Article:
Antarctica - After hovering in the balance for months, an area the size of New York City has broken off the Wilkins Ice Shelf in Antarctica.
About 700 square kilometers of ice has broken up into icebergs following the collapse earlier this month of a 40km ice bridge linking it to the Antarctic Peninsula and Charcot Island. The collapse was spotted by the European Space Agency (ESA).
"The retreat of Wilkins Ice Shelf is the latest and the largest of its kind. Eight separate ice shelves along the Antarctic Peninsula have shown signs of retreat over the last few decades," said David Vaughan of the British Antarctic Survey. "There is little doubt that these changes are the result of atmospheric warming on the Antarctic Peninsula, which has been the most rapid in the southern hemisphere."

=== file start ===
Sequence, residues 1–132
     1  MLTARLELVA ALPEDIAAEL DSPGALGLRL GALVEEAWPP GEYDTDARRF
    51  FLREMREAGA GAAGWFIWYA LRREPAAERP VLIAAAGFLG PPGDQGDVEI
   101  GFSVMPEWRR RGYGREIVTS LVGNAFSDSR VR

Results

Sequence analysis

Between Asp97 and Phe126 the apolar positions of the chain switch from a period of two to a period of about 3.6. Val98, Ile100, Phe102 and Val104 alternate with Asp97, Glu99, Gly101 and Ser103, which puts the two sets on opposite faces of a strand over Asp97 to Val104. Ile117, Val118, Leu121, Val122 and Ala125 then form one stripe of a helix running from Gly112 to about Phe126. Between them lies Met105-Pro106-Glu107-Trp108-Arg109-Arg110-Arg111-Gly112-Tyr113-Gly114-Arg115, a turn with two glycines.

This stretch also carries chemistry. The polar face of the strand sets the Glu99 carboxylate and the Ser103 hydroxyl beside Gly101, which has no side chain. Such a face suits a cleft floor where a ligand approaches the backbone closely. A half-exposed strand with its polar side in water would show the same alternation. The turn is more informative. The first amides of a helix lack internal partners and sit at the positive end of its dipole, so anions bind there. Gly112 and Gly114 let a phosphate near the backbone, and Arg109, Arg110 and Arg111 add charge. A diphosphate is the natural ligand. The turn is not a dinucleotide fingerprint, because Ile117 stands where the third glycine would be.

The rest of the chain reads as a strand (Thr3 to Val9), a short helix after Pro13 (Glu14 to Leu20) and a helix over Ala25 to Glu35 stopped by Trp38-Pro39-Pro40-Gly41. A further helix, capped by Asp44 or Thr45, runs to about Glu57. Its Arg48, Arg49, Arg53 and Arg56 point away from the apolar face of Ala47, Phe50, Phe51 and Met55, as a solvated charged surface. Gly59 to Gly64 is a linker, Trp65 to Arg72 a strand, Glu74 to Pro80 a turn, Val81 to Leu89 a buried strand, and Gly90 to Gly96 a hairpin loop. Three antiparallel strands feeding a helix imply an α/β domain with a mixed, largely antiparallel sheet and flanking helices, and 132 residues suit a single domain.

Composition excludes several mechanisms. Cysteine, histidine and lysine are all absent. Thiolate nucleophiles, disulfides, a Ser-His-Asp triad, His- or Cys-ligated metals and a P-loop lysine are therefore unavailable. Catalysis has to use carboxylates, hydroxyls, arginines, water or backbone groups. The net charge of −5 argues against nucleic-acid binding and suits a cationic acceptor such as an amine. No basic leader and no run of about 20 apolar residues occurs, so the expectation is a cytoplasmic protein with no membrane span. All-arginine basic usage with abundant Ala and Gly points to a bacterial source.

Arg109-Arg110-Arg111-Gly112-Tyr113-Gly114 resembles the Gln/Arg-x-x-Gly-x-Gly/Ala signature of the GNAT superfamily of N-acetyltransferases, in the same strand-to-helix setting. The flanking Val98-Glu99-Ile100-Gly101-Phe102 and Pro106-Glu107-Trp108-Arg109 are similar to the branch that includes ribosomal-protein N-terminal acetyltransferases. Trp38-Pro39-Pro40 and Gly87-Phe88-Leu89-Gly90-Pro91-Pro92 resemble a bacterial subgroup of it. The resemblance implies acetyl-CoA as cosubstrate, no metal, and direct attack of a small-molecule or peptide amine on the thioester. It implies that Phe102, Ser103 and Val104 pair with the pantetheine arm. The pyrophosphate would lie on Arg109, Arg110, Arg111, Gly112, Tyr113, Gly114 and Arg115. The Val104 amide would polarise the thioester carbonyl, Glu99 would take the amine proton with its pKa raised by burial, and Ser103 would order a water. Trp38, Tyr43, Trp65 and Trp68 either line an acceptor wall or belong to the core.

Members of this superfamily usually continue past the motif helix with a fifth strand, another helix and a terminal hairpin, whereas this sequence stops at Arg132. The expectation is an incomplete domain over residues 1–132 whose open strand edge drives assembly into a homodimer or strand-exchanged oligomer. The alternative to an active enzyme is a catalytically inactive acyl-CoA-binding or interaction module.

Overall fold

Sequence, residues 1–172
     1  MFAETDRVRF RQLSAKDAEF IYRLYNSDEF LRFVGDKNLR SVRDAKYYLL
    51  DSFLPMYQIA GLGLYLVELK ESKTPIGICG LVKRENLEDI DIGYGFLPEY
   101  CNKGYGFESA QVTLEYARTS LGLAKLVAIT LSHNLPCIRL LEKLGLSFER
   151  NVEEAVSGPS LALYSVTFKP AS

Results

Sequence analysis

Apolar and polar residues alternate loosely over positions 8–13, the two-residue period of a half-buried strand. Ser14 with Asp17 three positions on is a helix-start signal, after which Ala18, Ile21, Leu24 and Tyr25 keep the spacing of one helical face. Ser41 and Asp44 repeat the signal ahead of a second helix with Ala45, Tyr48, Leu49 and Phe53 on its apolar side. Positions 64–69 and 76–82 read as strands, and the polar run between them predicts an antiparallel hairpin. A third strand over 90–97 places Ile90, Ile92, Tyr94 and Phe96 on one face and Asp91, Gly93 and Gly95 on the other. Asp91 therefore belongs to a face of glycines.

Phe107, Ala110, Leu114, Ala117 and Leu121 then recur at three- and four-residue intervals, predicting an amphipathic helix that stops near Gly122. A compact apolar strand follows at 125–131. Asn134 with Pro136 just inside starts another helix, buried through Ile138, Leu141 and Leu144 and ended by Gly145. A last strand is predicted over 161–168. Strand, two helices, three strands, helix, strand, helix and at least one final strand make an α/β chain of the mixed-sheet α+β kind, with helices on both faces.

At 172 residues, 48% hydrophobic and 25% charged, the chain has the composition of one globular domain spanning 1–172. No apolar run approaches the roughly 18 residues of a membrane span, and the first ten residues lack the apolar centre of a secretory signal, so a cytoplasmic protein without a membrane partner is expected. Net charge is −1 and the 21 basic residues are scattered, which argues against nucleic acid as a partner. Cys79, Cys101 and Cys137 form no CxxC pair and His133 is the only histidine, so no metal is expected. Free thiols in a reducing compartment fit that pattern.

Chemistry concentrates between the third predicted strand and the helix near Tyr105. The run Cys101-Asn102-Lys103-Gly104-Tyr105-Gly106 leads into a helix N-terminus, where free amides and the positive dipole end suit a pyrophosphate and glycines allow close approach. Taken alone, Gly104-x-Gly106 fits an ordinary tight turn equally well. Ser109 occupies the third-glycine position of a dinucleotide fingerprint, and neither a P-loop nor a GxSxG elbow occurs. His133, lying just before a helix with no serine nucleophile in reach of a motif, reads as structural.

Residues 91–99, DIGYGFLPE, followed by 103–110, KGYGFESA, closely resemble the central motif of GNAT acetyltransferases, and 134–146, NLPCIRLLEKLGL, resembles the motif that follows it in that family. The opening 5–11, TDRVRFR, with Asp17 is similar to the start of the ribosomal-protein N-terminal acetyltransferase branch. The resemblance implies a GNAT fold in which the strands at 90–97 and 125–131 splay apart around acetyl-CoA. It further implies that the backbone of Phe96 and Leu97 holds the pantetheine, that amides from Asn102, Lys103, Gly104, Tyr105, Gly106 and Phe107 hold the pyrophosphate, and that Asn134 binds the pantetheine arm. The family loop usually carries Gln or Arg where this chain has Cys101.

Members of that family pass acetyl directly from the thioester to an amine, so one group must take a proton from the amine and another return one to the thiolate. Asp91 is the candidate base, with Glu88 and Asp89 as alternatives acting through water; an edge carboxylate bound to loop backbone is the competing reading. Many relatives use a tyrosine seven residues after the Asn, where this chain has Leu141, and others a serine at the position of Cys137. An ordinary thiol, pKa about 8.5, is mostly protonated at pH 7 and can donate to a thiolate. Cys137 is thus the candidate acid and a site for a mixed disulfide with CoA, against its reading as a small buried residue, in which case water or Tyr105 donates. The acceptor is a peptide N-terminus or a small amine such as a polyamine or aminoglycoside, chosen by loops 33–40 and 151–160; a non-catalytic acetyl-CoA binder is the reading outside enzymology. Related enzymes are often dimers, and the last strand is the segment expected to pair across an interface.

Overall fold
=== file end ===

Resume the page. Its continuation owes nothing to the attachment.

The Wilkins Ice Shelf has already shrunk by a third since it was first mapped, with the decline beginning in the 1990s.
The collapse is expected to accelerate the disintegration of the Wilkins Ice Sheet, which is in one of the fastest-warming regions of Antarctica. Without it, the glaciers behind may flow to the sea more rapidly, possibly affecting global sea levels.
"We are not sure if a new stable ice front will now form between Latady Island, Petrie Ice Rises and Dorsey Island," said Dr Angelika Humbert from Muenster University. "If the connection to Latady Island is lost, the projected loss of 3370 sq km of ice might be greater – though we have no indication that this will happen in the near future."
In the past 50 years, temperatures in the Antarctic have risen by 2.5 degrees Celsius, about six times the global average.In the last 20 years, seven ice shelves have been lost. There's more information, here.